The area inside the black dashed line is where neighbors are advised not to ingest the water due to possible E.coli. Image from DPW's interactive map.

Baltimore Investigating Source of E.coli in Water Supply Affecting 1,500 Residents

A 56-block area of West Baltimore is under a “boil water advisory” after the city’s Department of Public Works (DPW) detected E.coli when sampling water sources last Friday.

The E.coli- contaminated water was initially found in the Sandtown and Harlem Park communities of West Baltimore at police and fire department facilities.

After the positive test results, Baltimore DPW begam “flushing the system continuously and performing leak detection, valve assessments and increasing the chlorination in the area.”

DPW issued an advisory instructing residents to boil water for drinking (for both people and pets), teeth brushing, making ice, preparing baby formula, and washing produce. Tap water should be used for flushing toilets only, the agency told residents.

E.coli is a bacteria whose presence may indicate the presence of animal or human feces in the water source. Some strains can cause illness involving symptoms like severe stomach cramps, bloody diarrhea and vomiting. No illness has been reported so far in connection with this contamination.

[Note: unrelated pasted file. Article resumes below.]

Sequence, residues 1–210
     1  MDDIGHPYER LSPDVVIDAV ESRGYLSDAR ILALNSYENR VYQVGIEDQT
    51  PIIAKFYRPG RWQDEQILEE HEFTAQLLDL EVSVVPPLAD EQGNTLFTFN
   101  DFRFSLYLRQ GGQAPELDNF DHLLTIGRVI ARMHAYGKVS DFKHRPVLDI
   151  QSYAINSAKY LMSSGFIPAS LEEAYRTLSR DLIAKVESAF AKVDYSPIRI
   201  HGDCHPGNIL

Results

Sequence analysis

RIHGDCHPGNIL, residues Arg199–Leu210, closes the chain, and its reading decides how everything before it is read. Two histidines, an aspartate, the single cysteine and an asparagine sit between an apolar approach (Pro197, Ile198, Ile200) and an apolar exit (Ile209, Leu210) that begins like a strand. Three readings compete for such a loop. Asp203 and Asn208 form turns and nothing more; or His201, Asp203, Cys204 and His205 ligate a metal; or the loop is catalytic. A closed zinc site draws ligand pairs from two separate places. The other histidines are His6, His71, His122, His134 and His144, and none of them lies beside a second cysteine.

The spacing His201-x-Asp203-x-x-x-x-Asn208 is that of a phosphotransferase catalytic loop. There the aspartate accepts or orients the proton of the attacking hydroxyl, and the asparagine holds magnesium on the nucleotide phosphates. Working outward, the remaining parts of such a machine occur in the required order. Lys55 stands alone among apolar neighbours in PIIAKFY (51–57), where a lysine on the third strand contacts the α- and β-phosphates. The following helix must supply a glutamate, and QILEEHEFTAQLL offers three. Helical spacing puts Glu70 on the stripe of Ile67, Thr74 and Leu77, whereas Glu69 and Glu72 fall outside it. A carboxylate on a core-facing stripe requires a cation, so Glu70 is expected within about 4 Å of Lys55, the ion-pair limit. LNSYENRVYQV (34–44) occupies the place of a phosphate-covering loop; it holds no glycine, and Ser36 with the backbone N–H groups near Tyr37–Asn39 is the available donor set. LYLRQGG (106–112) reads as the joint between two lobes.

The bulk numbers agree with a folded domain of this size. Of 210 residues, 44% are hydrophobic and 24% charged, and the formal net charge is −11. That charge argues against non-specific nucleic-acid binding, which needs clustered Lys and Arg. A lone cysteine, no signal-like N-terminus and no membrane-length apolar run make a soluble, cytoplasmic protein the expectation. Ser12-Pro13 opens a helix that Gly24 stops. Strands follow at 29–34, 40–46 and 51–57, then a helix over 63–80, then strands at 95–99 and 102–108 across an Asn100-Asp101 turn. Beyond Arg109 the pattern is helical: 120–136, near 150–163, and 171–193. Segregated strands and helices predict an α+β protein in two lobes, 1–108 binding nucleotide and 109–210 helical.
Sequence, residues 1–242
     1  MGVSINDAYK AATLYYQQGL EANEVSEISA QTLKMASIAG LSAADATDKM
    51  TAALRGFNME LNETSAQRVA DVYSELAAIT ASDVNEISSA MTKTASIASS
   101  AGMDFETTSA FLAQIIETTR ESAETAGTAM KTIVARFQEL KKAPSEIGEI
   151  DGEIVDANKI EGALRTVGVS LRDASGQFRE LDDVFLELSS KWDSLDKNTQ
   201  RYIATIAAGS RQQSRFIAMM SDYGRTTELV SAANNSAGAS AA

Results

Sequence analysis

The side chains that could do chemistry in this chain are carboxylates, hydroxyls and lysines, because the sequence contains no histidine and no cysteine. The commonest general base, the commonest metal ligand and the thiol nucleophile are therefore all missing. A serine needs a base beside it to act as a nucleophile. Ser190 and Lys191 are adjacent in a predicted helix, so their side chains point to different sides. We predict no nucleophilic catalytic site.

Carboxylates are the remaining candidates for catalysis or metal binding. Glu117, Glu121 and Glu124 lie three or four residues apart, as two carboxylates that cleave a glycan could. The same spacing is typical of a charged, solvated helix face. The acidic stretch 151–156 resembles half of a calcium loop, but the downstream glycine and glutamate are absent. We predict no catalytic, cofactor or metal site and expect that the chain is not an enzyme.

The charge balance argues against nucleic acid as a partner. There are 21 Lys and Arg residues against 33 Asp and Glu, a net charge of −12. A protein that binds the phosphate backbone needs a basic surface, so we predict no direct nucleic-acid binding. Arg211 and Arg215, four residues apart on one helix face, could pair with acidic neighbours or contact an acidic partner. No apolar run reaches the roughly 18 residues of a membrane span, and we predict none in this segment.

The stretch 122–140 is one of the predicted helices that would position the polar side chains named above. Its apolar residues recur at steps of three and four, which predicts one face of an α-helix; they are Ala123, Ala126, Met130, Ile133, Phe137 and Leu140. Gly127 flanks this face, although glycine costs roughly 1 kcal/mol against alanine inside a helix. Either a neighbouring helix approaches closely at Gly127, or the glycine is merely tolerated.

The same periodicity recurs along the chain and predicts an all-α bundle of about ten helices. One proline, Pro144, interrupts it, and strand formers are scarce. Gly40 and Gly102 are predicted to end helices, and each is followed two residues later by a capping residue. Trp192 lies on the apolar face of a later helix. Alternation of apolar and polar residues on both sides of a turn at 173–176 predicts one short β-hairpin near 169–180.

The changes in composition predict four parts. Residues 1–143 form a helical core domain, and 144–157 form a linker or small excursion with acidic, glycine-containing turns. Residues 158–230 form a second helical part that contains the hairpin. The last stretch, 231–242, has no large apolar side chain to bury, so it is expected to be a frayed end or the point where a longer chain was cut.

Portions of at least seven zip codes are under the advisory, including areas along portions of the Patapsco River and its Middle Branch. Some 1,500 households and facilities are impacted. DPW’s interactive map showing the affected area is available here. The area inside the black dashed line is where neighbors are advised not to ingest the water due to possible E.coli.

DPW is sampling and surveying the communities where the original sampling was done.

The agency still doesn’t know the source of the E.coli contamination, but are investigating by sampling other locations and identifying construction projects in the area. Public works officials do say what they think did not cause the contamination. DPW says they’re “confident that the positive test results were not a result of the performance of the water treatment plants, which are operating up to code…This is not associated with wastewater treatment.”

DPW says in addition to notifying residents, it engaged with the Baltimore fire and police departments, the Office of Emergency Management and the Maryland Department of the Environment.

Since Monday, DPW has been distributing water from three locations in the affected area. A “water buffalo” tank on wheels has been set up, with residents urged to bring their own containers to fill. Neighbors are limited to three gallons of water per household.

We’ll continue to update this story when the source of the E.coli is found or the situation is resolved.

-Meg Walburn Viviano